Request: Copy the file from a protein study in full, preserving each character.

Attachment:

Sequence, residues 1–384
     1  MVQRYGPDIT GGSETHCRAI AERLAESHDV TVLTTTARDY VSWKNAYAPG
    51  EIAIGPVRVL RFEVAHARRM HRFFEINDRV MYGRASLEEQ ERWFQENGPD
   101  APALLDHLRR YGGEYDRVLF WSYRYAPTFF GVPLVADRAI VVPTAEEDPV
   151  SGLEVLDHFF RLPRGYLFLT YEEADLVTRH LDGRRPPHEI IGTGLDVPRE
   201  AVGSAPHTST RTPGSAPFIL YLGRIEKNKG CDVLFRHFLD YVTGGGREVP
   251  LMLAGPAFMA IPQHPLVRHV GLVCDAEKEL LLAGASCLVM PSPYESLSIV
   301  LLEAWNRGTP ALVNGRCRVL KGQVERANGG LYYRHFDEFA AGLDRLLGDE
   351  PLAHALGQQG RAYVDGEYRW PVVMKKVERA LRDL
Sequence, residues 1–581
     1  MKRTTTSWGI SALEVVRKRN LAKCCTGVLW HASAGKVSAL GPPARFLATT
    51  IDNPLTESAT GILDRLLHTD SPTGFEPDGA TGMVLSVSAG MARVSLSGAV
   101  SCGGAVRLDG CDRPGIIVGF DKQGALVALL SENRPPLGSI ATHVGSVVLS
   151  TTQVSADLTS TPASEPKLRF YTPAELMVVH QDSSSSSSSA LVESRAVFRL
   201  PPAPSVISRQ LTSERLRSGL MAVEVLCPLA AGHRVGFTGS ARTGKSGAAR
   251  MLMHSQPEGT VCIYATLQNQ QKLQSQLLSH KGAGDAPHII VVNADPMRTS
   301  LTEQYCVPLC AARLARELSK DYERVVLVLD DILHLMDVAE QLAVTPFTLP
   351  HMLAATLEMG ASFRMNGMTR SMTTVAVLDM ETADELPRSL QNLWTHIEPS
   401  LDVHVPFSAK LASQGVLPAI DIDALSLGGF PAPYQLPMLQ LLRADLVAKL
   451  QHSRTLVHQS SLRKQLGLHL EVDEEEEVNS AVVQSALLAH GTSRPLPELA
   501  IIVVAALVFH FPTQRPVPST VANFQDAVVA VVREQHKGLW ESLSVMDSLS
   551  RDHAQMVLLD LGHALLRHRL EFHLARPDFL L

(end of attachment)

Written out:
Sequence, residues 1–384
     1  MVQRYGPDIT GGSETHCRAI AERLAESHDV TVLTTTARDY VSWKNAYAPG
    51  EIAIGPVRVL RFEVAHARRM HRFFEINDRV MYGRASLEEQ ERWFQENGPD
   101  APALLDHLRR YGGEYDRVLF WSYRYAPTFF GVPLVADRAI VVPTAEEDPV
   151  SGLEVLDHFF RLPRGYLFLT YEEADLVTRH LDGRRPPHEI IGTGLDVPRE
   201  AVGSAPHTST RTPGSAPFIL YLGRIEKNKG CDVLFRHFLD YVTGGGREVP
   251  LMLAGPAFMA IPQHPLVRHV GLVCDAEKEL LLAGASCLVM PSPYESLSIV
   301  LLEAWNRGTP ALVNGRCRVL KGQVERANGG LYYRHFDEFA AGLDRLLGDE
   351  PLAHALGQQG RAYVDGEYRW PVVMKKVERA LRDL
Sequence, residues 1–581
     1  MKRTTTSWGI SALEVVRKRN LAKCCTGVLW HASAGKVSAL GPPARFLATT
    51  IDNPLTESAT GILDRLLHTD SPTGFEPDGA TGMVLSVSAG MARVSLSGAV
   101  SCGGAVRLDG CDRPGIIVGF DKQGALVALL SENRPPLGSI ATHVGSVVLS
   151  TTQVSADLTS TPASEPKLRF YTPAELMVVH QDSSSSSSSA LVESRAVFRL
   201  PPAPSVISRQ LTSERLRSGL MAVEVLCPLA AGHRVGFTGS ARTGKSGAAR
   251  MLMHSQPEGT VCIYATLQNQ QKLQSQLLSH KGAGDAPHII VVNADPMRTS
   301  LTEQYCVPLC AARLARELSK DYERVVLVLD DILHLMDVAE QLAVTPFTLP
   351  HMLAATLEMG ASFRMNGMTR SMTTVAVLDM ETADELPRSL QNLWTHIEPS
   401  LDVHVPFSAK LASQGVLPAI DIDALSLGGF PAPYQLPMLQ LLRADLVAKL
   451  QHSRTLVHQS SLRKQLGLHL EVDEEEEVNS AVVQSALLAH GTSRPLPELA
   501  IIVVAALVFH FPTQRPVPST VANFQDAVVA VVREQHKGLW ESLSVMDSLS
   551  RDHAQMVLLD LGHALLRHRL EFHLARPDFL L